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    I had never been on etsy, so I checked it out after your post...Crazy, some of the quilt prices do not seem to cover the price of material, alone. One of my cousins asked me if I would make her a quilt, I told her how much fabric it would take and for her to buy it and send it to me and I would charge a nominal fee to piece and quilt it...have not heard from her again!
    One more material Girl~

  11. #36
    Super Member KathyKat's Avatar
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    I make and sell smaller items that I want to make for the fun of it. Mostly I used my fabric and batting scraps but
    I do estimate the cost of those when i set a price because I did pay for them once. The shop I take them to is a small town very nice consignment shop where the owner artfully displays the antiques and collectibles along with hand made items. She charges 30% of sale price for her consignment fee. My prices aren't set too high because they wouldn't sell otherwise and I just need to get the cost of materials back and some extra for buying more fabric or tools for me. And I have gotten requests from customers who have bought my things to make them something else. A table runner of 16x32" costs me about $8-10(all my fabric and batting is bought for 30-40% off) and I sell for $25. So after commission I take away $17.50 which I'm happy with. It's not that I don't value my time, it's that I do value doing what I'm passionate about and that's sewing and creating beautiful things during my retirement. And I make too many to give all of them as gifts or keep for myself so some are donated for raffles and the rest go to be sold.
    Kathleen, a lass with a bit of the Irish in her blood and a whole lot of Irish in her heart

  12. #37
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    One of my first quilts was a wall-handing for DH...24 x 36 ish...done in bargello style. His co-worker said she wanted one & asked what I would charge to make one for her. Since I really didn't want to make another - at that time - I gave a figure of $200, thinking that would make her stop asking. Nope! She kept on asking when I said $600. Would I have sold it for that much? Doubt it...just didn't want to make another THEN! Especially when I found out she is the one who took DH's quilt down and used it for a table cover at an office party - he was on vacation...spilled coffee on it and then washed it. All this without telling him what had happened! I wasn't about to make her a quilt! grrrr!!! Feel better now. I think I handled her request quite nicely, without telling her I really felt!

  13. #38
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    It just doesn't add up to me either!

  14. #39
    Super Member vickig626's Avatar
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    Quote Originally Posted by katieranch View Post
    I had never been on etsy, so I checked it out after your post...Crazy, some of the quilt prices do not seem to cover the price of material, alone. One of my cousins asked me if I would make her a quilt, I told her how much fabric it would take and for her to buy it and send it to me and I would charge a nominal fee to piece and quilt it...have not heard from her again!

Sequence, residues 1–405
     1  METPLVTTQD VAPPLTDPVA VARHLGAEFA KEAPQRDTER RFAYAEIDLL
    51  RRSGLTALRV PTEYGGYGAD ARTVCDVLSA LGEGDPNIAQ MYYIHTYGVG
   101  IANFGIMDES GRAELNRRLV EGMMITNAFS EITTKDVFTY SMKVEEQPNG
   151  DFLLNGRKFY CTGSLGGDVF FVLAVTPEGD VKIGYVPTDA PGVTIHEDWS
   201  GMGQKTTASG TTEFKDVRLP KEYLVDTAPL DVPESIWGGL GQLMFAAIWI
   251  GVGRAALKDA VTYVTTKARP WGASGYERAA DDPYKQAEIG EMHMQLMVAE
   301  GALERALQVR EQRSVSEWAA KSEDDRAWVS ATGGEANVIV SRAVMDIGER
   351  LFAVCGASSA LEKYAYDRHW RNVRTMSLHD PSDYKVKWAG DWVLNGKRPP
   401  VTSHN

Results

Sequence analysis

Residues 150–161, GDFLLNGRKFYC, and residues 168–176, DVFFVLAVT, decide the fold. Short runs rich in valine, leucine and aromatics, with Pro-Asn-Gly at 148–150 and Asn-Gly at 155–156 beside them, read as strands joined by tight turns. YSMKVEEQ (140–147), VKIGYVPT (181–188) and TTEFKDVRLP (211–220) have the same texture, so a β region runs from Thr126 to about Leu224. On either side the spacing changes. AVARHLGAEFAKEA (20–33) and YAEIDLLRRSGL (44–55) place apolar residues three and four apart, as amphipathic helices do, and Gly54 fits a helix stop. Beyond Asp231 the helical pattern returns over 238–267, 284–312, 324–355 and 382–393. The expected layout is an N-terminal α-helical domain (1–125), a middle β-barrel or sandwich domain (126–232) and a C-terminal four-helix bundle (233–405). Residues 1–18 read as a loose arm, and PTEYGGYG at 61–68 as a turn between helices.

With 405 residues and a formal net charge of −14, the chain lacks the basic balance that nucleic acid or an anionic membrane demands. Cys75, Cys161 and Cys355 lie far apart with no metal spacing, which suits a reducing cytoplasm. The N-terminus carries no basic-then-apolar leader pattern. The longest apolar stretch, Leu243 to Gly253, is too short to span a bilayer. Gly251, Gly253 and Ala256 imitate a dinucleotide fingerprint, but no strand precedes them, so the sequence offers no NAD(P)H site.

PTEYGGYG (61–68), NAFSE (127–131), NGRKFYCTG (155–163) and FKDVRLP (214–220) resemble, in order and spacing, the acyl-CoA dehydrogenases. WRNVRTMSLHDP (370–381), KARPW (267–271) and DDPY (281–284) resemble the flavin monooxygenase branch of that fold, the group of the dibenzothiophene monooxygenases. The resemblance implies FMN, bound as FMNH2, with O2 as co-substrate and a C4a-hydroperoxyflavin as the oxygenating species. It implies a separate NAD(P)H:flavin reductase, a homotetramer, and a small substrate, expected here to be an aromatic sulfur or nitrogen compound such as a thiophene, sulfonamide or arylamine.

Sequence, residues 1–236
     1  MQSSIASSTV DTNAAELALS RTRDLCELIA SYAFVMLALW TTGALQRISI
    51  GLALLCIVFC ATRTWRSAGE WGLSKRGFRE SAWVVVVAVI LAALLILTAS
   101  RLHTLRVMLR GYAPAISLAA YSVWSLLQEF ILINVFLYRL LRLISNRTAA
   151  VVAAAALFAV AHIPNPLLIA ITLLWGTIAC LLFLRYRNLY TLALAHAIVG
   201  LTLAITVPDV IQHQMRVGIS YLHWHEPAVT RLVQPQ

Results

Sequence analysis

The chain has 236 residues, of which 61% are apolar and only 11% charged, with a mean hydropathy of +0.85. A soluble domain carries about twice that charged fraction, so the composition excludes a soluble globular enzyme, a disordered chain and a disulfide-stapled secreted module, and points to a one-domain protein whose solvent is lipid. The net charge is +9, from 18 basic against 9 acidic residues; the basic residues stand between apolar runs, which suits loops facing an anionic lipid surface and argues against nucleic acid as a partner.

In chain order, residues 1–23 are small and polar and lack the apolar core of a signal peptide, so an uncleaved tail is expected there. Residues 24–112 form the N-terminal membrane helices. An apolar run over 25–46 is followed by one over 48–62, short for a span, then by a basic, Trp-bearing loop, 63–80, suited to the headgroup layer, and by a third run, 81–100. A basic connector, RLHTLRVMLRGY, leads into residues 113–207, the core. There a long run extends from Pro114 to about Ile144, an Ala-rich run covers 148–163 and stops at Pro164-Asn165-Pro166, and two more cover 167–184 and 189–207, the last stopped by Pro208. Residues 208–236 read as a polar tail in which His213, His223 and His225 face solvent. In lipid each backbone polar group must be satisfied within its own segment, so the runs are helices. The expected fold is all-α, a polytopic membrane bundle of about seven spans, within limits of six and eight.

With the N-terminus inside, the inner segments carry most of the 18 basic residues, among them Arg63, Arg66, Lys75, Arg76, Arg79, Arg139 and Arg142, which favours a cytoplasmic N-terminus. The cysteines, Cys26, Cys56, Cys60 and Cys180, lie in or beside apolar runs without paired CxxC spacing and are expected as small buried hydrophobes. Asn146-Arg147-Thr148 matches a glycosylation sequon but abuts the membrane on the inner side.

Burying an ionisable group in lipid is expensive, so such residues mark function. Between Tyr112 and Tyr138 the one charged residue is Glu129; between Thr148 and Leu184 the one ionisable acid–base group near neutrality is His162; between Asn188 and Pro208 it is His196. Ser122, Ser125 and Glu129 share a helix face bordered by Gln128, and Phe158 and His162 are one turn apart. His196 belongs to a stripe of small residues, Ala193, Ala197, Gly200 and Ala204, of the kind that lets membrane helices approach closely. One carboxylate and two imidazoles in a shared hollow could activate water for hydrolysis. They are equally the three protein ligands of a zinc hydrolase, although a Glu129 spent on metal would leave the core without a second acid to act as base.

I've wondered about this myself and what I think is that these quilts could be made with Walmart type fabric (not quilt shop quality fabric). Please don't attack me fellow quilters for saying Walmart fabric is cheap but I'm mainly referring to the price, not the quality.

    However, I would never use Walmart fabric for a quilt I plan to sell unless the buyer knows where the fabric is coming from. If they truly wanted me to make one for a certain, inexpensive price, I let them know I "could" use less-quality fabric but it wouldn't hold up for many years. I also let buyers know how much fabric is per yard which usually shocks them right away.

    My simple rule when approached for a quilt......minimum of $500 depending on size and type of quilt they want. That usually sends the potential buyer running. If their still interested, then we can "talk".

    I've done several memory quilts (mostly lap size) for around $200-$300 and they supply the fabrics from the loved one. These seem to be the most popular.

    Bottomline.....don't sell ourselves short.
    Life's More Fun with a Doxie !!
    ​Have a Great Day !
    Vicki G
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  15. #40
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    Quote Originally Posted by Rose Marie View Post
    When you can buy a whole quilt set for $29, its no wonder people think they are cheap to make.
    I remember buying a couple of these quilts and for the price they are not bad. The quilting is awful and sparce though. They even come with shams.
    Bought them before I started quilting.
    I call them slave labor quilts.
    I totally agree with you on that. It's the Walmart Effect on American consumerism. Low cost over quality.
    A quilt from the store that is made in China looks and feels nothing like a real quilt. Perhaps many people have never really felt or seen a real quilt and just assume that all are the same.

  16. #41